Sea sponges reproduce sexually through a process that involves the release of specialised reproductive cells and the fusion of gametes from different individuals. The sexual reproduction of sea sponges typically involves the following steps:

-Gamete Production: Sea sponges are hermaphroditic, meaning they produce both eggs (female gametes) and sperm (male gametes) within their bodies.

-Sperm Release: Mature sperm cells are released into the water through the oscula, which are large openings on the surface of the sponge through which water exits.

-Egg Capture: Once released into the water, sperm cells must find their way to other sponges for fertilisation to occur. This process typically involves water currents carrying the sperm cells to nearby sponges.

-Fertilisation: If a sperm cell successfully encounters an egg cell from another sponge, fertilisation occurs.Fertilization can happen either within the sponge's body or in the surrounding water. Once fertilised, the egg develops into a larval stage.

-Larval Dispersal: The parenchymella larva is released into the water column, where it may disperse over a wide area. During this dispersal phase, the larva is typically free-swimming and may be carried by ocean currents. This dispersal mechanism allows for the colonisation of new habitats and the establishment of new sponge colonies.

Settlement and Metamorphosis: Eventually, the larva settles onto a suitable substrate and undergoes metamorphosis into a juvenile sponge.

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Sponges in the sea

The habitat of sea sponges and their role in marine environment

Sea sponges inhabit various marine environments worldwide, from shallow coastal waters to deep-sea habitats. They are commonly found attached to hard substrates such as rocks, coral reefs, shells, and even the seabed itself.

Sponges in the sea

Sea sponges play crucial roles in marine ecosystems:

Filter Feeding: Sea sponges are filter feeders, meaning they actively pump water through their bodies to capture microscopic food particles suspended in the water column. This process helps to maintain water clarity by removing organic debris and planktonic organisms, contributing to the overall health of the ecosystem.

Habitat and Shelter: The complex structure of sea sponges provides habitat and shelter for a variety of marine organisms , such as crustaceans and mollusks. This makes sea sponges important contributors to biodiversity in marine ecosystems.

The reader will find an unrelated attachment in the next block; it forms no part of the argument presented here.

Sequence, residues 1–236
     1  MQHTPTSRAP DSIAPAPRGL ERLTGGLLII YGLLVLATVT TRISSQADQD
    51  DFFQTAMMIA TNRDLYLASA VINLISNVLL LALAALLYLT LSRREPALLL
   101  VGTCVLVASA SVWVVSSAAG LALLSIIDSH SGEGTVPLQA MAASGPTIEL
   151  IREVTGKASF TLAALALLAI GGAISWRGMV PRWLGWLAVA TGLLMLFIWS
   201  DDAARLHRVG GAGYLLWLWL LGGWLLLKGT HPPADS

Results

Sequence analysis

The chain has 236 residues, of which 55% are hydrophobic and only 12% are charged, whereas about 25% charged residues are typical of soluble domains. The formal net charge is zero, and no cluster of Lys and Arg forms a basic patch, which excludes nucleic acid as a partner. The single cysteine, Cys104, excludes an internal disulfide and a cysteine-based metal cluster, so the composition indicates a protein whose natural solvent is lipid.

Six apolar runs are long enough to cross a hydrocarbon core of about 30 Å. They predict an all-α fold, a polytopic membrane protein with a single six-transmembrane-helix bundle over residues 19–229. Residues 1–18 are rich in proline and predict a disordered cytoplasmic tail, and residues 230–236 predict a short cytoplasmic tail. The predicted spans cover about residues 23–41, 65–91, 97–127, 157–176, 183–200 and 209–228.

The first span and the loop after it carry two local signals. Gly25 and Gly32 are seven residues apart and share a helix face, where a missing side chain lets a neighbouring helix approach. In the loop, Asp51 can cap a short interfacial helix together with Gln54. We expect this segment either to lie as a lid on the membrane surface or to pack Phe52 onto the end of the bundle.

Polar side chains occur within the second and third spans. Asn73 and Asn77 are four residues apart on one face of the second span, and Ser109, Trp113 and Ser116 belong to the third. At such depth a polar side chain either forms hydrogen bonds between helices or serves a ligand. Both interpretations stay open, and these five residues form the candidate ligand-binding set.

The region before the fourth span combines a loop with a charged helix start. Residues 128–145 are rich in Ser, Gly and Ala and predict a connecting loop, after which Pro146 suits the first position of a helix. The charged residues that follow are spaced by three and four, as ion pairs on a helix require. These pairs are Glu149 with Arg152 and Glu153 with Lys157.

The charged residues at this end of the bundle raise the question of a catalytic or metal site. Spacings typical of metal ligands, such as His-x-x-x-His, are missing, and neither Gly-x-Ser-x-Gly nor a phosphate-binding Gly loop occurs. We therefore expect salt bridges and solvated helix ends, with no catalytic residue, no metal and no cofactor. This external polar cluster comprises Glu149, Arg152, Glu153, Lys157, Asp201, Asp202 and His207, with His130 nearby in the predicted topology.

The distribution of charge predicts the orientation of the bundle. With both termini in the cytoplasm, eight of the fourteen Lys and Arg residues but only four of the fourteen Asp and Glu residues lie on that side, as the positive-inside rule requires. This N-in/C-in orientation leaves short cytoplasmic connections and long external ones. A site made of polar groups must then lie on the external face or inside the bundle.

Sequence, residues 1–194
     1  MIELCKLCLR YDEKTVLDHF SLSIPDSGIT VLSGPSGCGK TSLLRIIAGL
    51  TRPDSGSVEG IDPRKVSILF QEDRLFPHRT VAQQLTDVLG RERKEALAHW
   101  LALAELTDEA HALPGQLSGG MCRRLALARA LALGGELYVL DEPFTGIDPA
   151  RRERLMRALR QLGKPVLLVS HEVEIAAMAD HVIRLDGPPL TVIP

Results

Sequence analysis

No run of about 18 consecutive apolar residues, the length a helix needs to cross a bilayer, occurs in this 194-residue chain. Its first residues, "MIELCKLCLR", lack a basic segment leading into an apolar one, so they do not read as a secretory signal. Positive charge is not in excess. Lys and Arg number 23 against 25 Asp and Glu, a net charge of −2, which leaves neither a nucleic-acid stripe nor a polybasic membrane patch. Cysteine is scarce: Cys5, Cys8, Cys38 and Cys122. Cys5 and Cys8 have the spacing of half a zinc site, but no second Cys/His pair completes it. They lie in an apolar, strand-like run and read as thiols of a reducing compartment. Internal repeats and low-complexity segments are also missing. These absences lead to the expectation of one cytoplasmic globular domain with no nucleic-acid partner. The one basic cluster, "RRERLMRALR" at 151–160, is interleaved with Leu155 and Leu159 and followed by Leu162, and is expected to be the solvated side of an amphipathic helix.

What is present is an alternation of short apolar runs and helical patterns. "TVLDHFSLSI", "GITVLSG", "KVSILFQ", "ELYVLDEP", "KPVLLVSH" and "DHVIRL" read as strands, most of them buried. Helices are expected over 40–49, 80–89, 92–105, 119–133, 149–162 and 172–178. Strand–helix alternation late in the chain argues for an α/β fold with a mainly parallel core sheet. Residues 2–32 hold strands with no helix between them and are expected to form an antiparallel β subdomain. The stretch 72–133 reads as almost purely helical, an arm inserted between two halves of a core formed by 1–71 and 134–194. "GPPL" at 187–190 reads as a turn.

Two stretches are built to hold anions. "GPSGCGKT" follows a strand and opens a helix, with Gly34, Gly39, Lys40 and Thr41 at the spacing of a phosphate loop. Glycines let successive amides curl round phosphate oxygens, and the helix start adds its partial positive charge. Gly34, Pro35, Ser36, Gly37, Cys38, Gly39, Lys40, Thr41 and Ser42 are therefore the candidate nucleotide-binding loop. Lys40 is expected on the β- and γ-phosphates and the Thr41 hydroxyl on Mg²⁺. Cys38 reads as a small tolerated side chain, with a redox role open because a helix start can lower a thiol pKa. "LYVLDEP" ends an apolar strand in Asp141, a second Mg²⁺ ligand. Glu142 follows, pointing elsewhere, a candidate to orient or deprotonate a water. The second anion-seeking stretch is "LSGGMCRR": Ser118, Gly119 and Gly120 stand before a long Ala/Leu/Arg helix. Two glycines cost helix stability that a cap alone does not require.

Coral Reef Stability: In coral reef ecosystems, certain sponge species play a role in reef stability. By binding sediments and providing a substrate for other organisms to settle on, sponges help build and maintain the structural integrity of coral reefs.

Nutrient Cycling: Sea sponges participate in nutrient cycling within marine environments. They absorb dissolved organic matter and nutrients from the water, which are then incorporated into their tissues.

Biomedical Potential: Sea sponges produce a wide variety of bioactive compounds, some of which have potential pharmaceutical applications. These compounds include antibacterial, antiviral, and anticancer agents. Researchers are exploring the biomedical potential of sea sponge-derived compounds for drug discovery and development.

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Sea sponges and biotechnology

Sea sponges have garnered significant interest in biotechnology due to their unique biological features and chemical composition. Here's how sea sponges are contributing to various biotechnological applications:

Drug Discovery: Sea sponges produce a wide array of bioactive compounds, including alkaloids, terpenes, and peptides, as a defence mechanism against predators and pathogens. These compounds have shown potential in pharmaceutical research for developing new drugs to treat various diseases, including cancer, infections, and inflammation. For example, the drug Ara-C, used in leukaemia treatment, was originally isolated from a Caribbean sponge species.

Biomedical Materials: Sponges' skeletal structures, composed of natural fibres such as spongin or spicules made of silica or calcium carbonate, have inspired the development of biomaterials for tissue engineering and regenerative medicine.

Bioremediation: Some sea sponges harbour symbiotic microorganisms capable of degrading environmental pollutants, such as hydrocarbons and heavy metals, through bioremediation processes. Scientists are investigating the potential of these sponge-associated microbes for cleaning up contaminated marine ecosystems and mitigating environmental pollution.

Marine Bioprospecting: Marine organisms, including sea sponges, represent a vast and largely untapped source of novel bioactive compounds with potential applications in biotechnology and medicine.